Pansies (Viola x wittrockiana) and roses (Rosa spp.) are two types of flowers that have both enjoyed a long period of popularity in the gardening world. Both have been bred and cultivated extensively, resulting in varieties that showcase almost every color under the sun. Many gardeners consider these colorful and classic flowers to be staples of the home garden.
Garden pansies that exist today are a result of breeding and hybridization, but the original species were native largely to Europe and to Asia Minor. Pansies do best in USDA zones 7 to 10, but they can be grown as spring annuals in just about any temperature zone so long as they have the right conditions. Like the pansy, many rose species are a result of hybridization, though many are also species that can be found in the wild. Rose species are native to Africa, North America and Europe, although most wild roses hail from Asia (particularly China). Antique roses, also called "old garden" roses, are those that have been in cultivation since the early 1800s.
Pansies prefer bright sunlight or partial shade. Though they can be grown in full shade, flowering will often be limited or even nonexistent. The dappled sun from a garden structure or larger plant is often ideal for pansies.
The amount of sun a rose needs depends on the species, but most prefer full, all-day sunlight.
Pansies and roses both like moist, well-draining soil. Pansies are less picky about soil than roses, and will tolerate a range of pH conditions. Roses prefer a moderately fertile soil that is rich in humus. Both plants can be fertilized during the summer to promote vigorous flowering. Water both pansies and roses whenever the soil feels dry to the touch.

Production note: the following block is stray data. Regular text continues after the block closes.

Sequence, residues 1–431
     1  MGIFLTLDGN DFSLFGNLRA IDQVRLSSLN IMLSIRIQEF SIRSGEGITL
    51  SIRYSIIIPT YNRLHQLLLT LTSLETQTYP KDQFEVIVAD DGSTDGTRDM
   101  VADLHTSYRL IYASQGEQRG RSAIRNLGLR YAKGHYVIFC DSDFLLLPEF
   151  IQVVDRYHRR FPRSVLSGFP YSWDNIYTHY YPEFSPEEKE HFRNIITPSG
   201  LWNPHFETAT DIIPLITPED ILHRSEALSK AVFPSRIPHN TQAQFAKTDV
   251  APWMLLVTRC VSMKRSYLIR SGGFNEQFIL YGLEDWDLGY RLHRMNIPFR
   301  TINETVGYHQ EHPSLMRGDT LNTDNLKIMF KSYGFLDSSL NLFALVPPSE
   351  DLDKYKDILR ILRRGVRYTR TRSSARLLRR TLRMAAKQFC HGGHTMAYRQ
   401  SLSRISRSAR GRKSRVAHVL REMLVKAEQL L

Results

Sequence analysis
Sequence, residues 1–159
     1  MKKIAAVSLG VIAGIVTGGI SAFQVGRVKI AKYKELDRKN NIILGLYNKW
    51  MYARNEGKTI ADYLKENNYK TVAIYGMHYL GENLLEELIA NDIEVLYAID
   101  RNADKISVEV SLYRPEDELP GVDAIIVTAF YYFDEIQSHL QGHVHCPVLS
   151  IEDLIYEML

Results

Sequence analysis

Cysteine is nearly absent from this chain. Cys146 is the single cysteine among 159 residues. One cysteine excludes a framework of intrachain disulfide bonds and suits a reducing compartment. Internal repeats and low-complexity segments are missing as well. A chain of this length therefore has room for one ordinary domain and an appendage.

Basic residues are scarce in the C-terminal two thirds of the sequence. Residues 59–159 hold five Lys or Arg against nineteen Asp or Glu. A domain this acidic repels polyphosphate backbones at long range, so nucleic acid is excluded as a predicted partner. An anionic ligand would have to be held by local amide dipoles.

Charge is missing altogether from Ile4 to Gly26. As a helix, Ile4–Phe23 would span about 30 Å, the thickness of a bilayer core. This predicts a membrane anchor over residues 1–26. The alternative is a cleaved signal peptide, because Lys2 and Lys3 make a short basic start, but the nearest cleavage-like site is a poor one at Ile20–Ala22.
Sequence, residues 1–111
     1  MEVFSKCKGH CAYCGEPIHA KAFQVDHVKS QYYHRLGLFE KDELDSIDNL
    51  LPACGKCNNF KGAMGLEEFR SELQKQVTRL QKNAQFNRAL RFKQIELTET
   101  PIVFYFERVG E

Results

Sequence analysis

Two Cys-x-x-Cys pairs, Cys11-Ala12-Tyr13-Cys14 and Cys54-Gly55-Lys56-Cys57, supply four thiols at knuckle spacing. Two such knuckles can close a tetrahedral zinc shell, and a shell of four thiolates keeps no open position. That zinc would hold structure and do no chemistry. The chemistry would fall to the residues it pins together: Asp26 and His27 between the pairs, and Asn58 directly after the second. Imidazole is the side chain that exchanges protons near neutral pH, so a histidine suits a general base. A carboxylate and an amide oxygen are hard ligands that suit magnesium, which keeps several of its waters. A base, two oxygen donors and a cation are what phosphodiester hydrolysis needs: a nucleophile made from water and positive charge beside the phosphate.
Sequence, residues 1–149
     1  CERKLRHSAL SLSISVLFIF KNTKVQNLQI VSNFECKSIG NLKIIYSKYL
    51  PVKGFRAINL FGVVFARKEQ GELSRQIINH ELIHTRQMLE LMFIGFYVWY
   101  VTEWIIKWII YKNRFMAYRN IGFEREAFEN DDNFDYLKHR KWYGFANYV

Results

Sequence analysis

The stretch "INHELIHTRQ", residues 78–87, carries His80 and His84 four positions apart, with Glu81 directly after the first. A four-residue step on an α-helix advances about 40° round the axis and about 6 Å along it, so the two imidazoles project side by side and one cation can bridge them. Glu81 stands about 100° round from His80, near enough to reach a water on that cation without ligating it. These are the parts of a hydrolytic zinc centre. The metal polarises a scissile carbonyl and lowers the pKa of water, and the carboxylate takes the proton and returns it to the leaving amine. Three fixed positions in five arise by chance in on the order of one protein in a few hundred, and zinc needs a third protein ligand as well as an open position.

The low-growing pansy rarely exceeds 10 inches, which makes it a good choice for a window box or for a low annual flower bed or border. Roses vary in size, and while miniature varieties can be grown indoors in a small clay pot, larger varieties can grow to 50 feet wide. Roses make lovely specimen shrubs or borders, and their flowers can be cut for impressive, fragrant bouquets.
Pansies are largely pest-free, and because they are most frequently grown as annuals, most problems won't last long. Good pansy health can be promoted by removing dead or spent flowers to keep the plant looking tidy and neat. Roses are subject to more problems, and can be attacked by aphids, mildew, thrips and Japanese beetles. Growing varieties known for their hardiness and resistance to disease can save the casual rose gardener a headache. Always keep water off the leaves of rose plants because excess water can cause fungal or mildew-related problems. Check rose leaves and new buds regularly for aphids and spider mites.